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Abstract. Data clustering is an important technique for exploratory data analysis, and has been studied for several years. It has been shown to be useful in many practical domains such as data classification and image processing. Recently, there has been a growing emphasis on exploratory analysis of very large datasets to discover useful patterns and/or correlations among attributes. This is called data mining, and data clustering is regarded as a particular branch. However existing data clustering methods do not adequately address the problem of processing large datasets with a limited amount of resources (e.g., memory and cpu cycles). So as the dataset size increases, they do not scale up well in terms of memory requirement, running time, and result quality. In this paper, an efficient and scalable data clustering method is proposed, based on a new inmemory data structure called CFtree, which serves as an inmemory summary of the data distribution. We have implemented it in a system called BIRCH (Balanced Iterative Reducing and Clustering using Hierarchies), and studied its performance extensively in terms of memory requirements, running time, clustering quality, stability and scalability; we also compare it with other available methods. Finally, BIRCH is applied to solve two reallife problems: one is building an iterative and interactive pixel classification tool, and the other is generating the initial codebook for image compression.
DEMON: Mining and Monitoring Evolving Data
 IEEE Transactions on Knowledge and Data Engineering
, 2000
"... Data mining algorithms have been the focus of much research recently. In practice, the input data to a data mining process resides in a large data warehouse whose data is kept uptodate through periodic or occasional addition and deletion of blocks of data. Most data mining algorithms have either ..."
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Cited by 62 (2 self)
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Data mining algorithms have been the focus of much research recently. In practice, the input data to a data mining process resides in a large data warehouse whose data is kept uptodate through periodic or occasional addition and deletion of blocks of data. Most data mining algorithms have either assumed that the input data is static, or have been designed for arbitrary insertions and deletions of data records.
Clustering techniques for large data sets  from the past to the future
 In Tutorial Notes for ACM SIGKDD 1999 International Conference on Knowledge Discovery and Data Mining
, 1999
"... Application Example: Marketing – Given: • Large data base of customer data containing their properties and past buying records ..."
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Cited by 20 (4 self)
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Application Example: Marketing – Given: • Large data base of customer data containing their properties and past buying records
Learning simple relations: Theory and applications
 In Second SIAM Data Mining Conference
, 2002
"... Abstract – In addition to classic clustering algorithms, many different approaches to clustering are emerging for objects of special nature. In this article we deal with the grouping of rows and columns of a matrix with nonnegative entries. Two rows (or columns) are considered similar if correspond ..."
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Cited by 13 (1 self)
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Abstract – In addition to classic clustering algorithms, many different approaches to clustering are emerging for objects of special nature. In this article we deal with the grouping of rows and columns of a matrix with nonnegative entries. Two rows (or columns) are considered similar if corresponding crossdistributions are close. This grouping is a dual clustering of two sets of elements, row and column indices. The introduced approach is based on the minimization of reduction of mutual information contained in a matrix that represents the relationship between two sets of elements. Our clustering approach contains many parallels with KMeans clustering due to certain common algebraic properties. The obtained results have many applications, including grouping of Web visit data.
TreeBased Partitioning Querying: A Methodology for Computing Medoids in Large Spatial Datasets
 VLDB J
"... Besides traditional domains (e.g., resource allocation, data mining applications), algorithms for medoid computation and related problems will play an important role in numerous emerging fields, such as location based services and sensor networks. Since the kmedoid problem is NP hard, all existing ..."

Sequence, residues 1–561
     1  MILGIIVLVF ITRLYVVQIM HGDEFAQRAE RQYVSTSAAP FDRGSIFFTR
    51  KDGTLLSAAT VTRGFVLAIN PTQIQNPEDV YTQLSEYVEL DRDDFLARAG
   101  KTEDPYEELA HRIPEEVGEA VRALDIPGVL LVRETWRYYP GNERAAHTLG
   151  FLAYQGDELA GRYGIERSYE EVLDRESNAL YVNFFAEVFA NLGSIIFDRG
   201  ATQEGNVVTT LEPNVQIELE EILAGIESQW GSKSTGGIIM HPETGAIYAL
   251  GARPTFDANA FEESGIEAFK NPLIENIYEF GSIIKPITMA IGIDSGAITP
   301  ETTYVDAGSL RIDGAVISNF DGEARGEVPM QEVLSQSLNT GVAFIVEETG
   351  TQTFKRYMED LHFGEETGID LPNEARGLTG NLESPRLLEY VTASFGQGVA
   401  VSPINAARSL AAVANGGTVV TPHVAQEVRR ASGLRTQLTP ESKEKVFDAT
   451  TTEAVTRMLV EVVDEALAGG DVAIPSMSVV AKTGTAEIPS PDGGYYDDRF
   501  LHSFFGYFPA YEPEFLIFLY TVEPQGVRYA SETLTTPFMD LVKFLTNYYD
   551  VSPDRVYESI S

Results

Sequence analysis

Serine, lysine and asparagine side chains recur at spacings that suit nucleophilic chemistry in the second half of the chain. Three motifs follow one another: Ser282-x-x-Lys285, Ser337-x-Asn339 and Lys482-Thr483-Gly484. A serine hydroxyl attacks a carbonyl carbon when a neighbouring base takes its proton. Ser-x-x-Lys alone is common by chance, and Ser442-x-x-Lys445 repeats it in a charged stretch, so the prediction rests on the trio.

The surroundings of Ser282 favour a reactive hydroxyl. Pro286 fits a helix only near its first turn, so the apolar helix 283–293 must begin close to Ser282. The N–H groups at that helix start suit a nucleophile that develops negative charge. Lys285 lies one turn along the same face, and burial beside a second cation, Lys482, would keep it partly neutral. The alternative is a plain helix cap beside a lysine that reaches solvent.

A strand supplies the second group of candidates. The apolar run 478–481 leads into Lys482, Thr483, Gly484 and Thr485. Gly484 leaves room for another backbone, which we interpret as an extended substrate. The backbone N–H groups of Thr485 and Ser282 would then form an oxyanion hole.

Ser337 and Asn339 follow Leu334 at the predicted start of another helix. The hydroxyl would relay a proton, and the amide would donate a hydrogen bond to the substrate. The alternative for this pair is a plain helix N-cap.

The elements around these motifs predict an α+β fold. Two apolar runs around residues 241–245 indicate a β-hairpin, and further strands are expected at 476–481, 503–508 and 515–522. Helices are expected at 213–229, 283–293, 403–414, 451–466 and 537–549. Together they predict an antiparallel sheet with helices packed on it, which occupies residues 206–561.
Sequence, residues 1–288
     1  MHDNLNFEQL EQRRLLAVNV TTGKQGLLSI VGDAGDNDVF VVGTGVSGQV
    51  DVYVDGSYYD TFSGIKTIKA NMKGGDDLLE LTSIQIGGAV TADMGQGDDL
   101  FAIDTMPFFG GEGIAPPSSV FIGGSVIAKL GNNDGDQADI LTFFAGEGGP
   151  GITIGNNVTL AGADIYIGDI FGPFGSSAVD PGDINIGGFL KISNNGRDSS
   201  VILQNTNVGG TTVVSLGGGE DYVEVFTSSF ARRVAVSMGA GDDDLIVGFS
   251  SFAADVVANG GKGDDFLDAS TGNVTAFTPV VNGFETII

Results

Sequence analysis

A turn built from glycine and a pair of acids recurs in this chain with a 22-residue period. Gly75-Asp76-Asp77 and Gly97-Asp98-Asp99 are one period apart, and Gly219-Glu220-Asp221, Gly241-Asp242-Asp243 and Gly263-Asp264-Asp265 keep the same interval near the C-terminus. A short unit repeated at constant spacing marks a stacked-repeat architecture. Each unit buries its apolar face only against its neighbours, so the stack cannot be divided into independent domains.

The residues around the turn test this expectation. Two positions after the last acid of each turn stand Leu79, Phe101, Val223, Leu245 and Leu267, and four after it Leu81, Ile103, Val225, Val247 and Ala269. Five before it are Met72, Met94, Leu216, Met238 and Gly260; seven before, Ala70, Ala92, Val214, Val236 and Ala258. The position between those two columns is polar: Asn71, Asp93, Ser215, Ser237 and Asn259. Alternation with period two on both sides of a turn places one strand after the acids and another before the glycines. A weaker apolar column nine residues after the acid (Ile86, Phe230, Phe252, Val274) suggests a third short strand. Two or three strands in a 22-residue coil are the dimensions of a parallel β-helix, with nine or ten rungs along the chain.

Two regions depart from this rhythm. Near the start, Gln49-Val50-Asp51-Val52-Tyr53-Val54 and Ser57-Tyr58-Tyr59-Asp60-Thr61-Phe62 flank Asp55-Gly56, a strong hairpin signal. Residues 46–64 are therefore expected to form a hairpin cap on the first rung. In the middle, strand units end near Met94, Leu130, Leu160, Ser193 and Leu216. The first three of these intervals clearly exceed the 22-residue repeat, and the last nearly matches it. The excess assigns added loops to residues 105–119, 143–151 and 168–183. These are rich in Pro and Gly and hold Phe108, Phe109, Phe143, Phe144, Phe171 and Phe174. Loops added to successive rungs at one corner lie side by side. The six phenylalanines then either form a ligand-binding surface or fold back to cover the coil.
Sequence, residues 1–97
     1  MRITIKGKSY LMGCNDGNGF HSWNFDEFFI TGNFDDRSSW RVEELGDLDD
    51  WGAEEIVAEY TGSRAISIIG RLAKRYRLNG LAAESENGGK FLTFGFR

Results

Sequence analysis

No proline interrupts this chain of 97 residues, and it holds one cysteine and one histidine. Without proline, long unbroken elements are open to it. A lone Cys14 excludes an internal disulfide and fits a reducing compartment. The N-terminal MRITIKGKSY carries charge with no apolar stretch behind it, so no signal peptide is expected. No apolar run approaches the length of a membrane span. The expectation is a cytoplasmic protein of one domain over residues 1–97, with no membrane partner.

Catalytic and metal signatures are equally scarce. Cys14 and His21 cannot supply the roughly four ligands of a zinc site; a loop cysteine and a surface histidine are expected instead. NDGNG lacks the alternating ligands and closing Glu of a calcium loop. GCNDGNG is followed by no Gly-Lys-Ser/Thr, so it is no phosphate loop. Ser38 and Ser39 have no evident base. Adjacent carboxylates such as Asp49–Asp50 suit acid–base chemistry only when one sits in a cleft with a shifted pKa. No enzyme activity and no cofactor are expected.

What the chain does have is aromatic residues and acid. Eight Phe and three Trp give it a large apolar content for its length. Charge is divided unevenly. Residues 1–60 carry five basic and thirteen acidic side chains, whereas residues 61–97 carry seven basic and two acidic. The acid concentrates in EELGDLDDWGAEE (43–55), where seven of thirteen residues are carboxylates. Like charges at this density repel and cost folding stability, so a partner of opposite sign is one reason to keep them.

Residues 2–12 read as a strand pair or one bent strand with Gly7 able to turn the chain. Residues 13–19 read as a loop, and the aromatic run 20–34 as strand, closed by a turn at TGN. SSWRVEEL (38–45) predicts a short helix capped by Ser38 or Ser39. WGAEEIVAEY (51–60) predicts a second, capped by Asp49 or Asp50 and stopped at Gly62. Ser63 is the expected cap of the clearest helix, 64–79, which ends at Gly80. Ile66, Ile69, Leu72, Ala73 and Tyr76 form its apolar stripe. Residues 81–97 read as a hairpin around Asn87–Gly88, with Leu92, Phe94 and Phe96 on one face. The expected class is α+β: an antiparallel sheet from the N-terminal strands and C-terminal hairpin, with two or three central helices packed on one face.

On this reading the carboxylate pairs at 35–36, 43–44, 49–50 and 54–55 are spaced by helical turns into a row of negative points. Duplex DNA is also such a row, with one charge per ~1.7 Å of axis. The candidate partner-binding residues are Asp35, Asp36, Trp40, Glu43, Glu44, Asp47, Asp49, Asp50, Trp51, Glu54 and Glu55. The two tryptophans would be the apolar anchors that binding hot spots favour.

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Cited by 12 (5 self)
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Besides traditional domains (e.g., resource allocation, data mining applications), algorithms for medoid computation and related problems will play an important role in numerous emerging fields, such as location based services and sensor networks. Since the kmedoid problem is NP hard, all existing work deals with approximate solutions on relatively small datasets. This paper aims at efficient methods for very large spatial databases, motivated by: (i) the high and ever increasing availability of spatial data, and (ii) the need for novel query types and improved services. The proposed solutions exploit the intrinsic grouping properties of a data partition index in order to read only a small part of the dataset. Compared to
Continuous Medoid Queries over Moving Objects. SSTD
, 2007
"... Abstract. In the kmedoid problem, given a dataset P, we are asked to choose k points in P as the medoids. The optimal medoid set minimizes the average Euclidean distance between the points in P and their closest medoid. Finding the optimal k medoids is NP hard, and existing algorithms aim at approx ..."
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Cited by 5 (2 self)
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Abstract. In the kmedoid problem, given a dataset P, we are asked to choose k points in P as the medoids. The optimal medoid set minimizes the average Euclidean distance between the points in P and their closest medoid. Finding the optimal k medoids is NP hard, and existing algorithms aim at approximate answers, i.e., they compute medoids that achieve a small, yet not minimal, average distance. Similarly in this paper, we also aim at approximate solutions. We consider, however, the continuous version of the problem, where the points in P move and our task is to maintain the medoid set onthefly (trying to keep the average distance small). To the best of our knowledge, this work constitutes the first attempt on continuous medoid queries. First, we consider centralized monitoring, where the points issue location updates whenever they move. A server processes the stream of generated updates and constantly reports the current medoid set. Next, we address distributed monitoring, where we assume that the data points have some computational capabilities, and they take over part of the monitoring task. In particular, the server installs adaptive filters (i.e., permissible spatial ranges, called safe regions) to the points, which report their location only when they move outside their filters. The distributed techniques reduce the frequency of location updates (and, thus, the network overhead and the server load), at the cost of a slightly higher average distance, compared to the centralized methods. Both our centralized and distributed methods do not make any assumption about the data moving patterns (e.g., velocity vectors, trajectories, etc) and can be applied to an arbitrary number of medoids k. We demonstrate the efficiency and efficacy of our techniques through extensive experiments.